Both marriage and divorce rates have been in a state of flux in North America, particularly over the past few decades. Divorce rates have skyrocketed, at least in part due to no-fault divorce laws which were introduced across the entire U.S. by the early 1980s. Divorce rates would be even higher if it were not for the large number of couples simply living together and informally separating without being married. Divorce is itself a cause of more divorce. As increasing percentage of couples end their marriages, society has become more accepting of divorce. This lowers the bar so that even more spouses feel that it is acceptable to bail out of their marriage. The social sanctions against divorce of previous generations' have almost completely evaporated.
Some feel that opposite-sex marriages are too easy to get into and too easy to terminate. So has same-sex marriage in the state of Massachusetts and for Canadians. 3 Covenant marriage (CM) has been promoted as an alternative form of marriage that might increase family stability and lower divorce rates. It consists of a return to divorce based on fault, coupled with pre-marital counseling. CM is available in three states in the U.S. These marriages are more difficult to get into and more difficult to escape from. Before a couple can marry, the legislation typically requires that the couple engage in pre-marital counseling and sign a covenant marriage contract. Termination of a CM by divorce typically requires either a long period of separation, or proof of the guilt of one spouse -- generally some form of abuse or adultery. The legislation may also require the couple to seek counseling before considering a divorce.
Promoters of CM hoped that it will motivate couples to take a long, sober look at their relationship before they decide to marry. The end result, promoters hoped, would be more stable, happier, long-lasting marriages.
Covenant Marriage Sunday:
The Covenant Marriage Movement (CMM) was founded at a meeting of conservative Protestant groups in Dallas, TX on 1999-FEB-23. Representatives from 19 marriage and family ministries and para-church organizations attended. Their initial motivation was to reverse the increasing divorce rate in the U.S. by promoting marriage as a permanent covenant among the spouses and God. A second goal is to promote the exclusion of same-sex couples from marriage. By early 2005, the CMM had grown to include over 65 cooperating marriage and family ministries.
CMM has designated the second Sunday of February as Covenant Marriage Sunday. In 2004, over 500 congregations participated in the event. The 2005 observance was held on FEB-13, one day before Valentine's Day. They hoped that over 5,000 churches would take part. The movement appears to be closely linked with Evangelical Christian denominations. This has cut off the movement from marriage supporters who are from more liberal Christian churches, who are secular, or who are followers of other religions. 4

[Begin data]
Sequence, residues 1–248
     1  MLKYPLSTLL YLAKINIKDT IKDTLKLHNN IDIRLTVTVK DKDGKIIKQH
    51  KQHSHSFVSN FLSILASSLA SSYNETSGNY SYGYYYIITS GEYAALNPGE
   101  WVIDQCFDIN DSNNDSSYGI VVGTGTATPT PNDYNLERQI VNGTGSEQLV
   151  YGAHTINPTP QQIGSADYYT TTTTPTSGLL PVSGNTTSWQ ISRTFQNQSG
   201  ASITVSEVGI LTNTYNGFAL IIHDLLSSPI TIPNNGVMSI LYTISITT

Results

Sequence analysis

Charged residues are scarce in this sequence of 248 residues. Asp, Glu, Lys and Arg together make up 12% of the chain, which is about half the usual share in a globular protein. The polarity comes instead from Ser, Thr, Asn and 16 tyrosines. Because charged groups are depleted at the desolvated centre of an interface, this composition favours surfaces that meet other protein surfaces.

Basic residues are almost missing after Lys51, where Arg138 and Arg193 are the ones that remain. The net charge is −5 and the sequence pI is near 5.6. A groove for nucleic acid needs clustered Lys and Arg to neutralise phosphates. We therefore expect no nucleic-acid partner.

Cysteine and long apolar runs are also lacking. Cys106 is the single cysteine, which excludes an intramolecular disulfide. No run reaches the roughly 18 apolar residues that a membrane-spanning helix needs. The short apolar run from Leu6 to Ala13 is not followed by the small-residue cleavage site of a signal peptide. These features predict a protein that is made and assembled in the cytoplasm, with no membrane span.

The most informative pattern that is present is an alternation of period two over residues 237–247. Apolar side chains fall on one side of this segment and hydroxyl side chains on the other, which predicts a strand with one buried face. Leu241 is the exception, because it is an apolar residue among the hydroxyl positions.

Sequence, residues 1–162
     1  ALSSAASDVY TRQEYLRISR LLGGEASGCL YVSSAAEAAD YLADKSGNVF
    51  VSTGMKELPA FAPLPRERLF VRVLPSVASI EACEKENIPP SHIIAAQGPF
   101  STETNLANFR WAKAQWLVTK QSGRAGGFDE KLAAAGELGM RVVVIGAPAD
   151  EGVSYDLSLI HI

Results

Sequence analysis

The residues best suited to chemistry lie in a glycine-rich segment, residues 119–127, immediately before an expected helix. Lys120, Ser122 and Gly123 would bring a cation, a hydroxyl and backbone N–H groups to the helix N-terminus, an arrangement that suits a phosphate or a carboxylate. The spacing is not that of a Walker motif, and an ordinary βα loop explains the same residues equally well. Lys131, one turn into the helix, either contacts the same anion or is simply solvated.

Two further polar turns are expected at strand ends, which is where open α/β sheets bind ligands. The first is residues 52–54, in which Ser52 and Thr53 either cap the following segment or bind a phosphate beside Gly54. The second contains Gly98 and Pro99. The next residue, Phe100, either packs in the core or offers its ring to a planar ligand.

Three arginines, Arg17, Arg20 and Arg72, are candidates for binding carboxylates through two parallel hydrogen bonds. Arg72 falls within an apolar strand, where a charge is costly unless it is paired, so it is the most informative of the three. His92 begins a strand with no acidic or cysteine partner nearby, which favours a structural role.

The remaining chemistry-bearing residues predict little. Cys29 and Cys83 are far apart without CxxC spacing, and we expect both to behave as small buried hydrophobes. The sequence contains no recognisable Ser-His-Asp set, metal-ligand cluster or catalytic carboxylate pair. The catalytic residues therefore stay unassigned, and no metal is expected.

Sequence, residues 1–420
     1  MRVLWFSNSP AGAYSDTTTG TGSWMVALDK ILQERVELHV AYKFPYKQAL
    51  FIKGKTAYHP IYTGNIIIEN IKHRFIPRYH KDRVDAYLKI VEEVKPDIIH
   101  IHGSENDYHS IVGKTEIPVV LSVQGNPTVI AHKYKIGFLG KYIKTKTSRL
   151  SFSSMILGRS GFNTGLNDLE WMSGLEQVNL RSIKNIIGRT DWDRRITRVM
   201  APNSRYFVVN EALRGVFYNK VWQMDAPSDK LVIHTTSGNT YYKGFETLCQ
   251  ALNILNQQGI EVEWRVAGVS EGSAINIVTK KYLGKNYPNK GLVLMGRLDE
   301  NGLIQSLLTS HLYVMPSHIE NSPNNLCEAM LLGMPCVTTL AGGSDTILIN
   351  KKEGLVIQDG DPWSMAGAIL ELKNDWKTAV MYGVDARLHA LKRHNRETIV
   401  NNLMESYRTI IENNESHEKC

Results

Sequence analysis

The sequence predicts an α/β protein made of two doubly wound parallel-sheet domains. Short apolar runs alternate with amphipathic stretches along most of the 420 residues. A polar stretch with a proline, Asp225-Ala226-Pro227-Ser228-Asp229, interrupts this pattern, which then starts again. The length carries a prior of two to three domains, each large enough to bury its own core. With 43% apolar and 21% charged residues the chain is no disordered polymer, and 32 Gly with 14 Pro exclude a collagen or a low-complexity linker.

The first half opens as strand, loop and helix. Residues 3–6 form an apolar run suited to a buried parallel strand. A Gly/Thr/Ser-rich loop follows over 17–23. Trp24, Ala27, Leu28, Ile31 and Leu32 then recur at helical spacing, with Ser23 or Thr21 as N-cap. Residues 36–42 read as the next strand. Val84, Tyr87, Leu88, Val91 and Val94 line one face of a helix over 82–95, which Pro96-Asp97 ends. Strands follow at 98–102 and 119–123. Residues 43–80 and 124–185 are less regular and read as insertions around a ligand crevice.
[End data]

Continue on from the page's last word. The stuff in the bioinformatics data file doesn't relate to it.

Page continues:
CMM selected as its 2005 theme: "Embracing the Heart of Marriage." Their web site states:
The term "Bride of Christ" is a phrase used by many conservative Protestants to refer to born-again Christians who have trusted Yeshua of Nazareth (Jesus Christ) as Lord and Savior. CCM differentiates between the view of marriage as a contract -- which the parties can terminate by mutual consent -- and a covenant which is initiated by God and is intended to be permanent.
Their 2007 theme was "Move beyond the Mundane." Their web site states:
CCM offer three congregational kits to help participating congregations celebrate Covenant Marriage Sunday.
The CMM appears to be winding down as an organization. Most of the recent postings to their web site refer to various marriage amendments that are designed to prevent same-sex couples from marrying. Their most recent news item about Covenant Marriage Sunday was issued on 2006-OCT-01 and referred to the event in 2007-FEB-11. As of 2008-JAN-06, there was no announcement about the event for 2008. Their list of upcoming events hosted by "... various Cooperating Ministries of the Covenant Marriage Movement" was empty.
The following information sources were used to prepare and update the above essay. The hyperlinks are not necessarily still active today.
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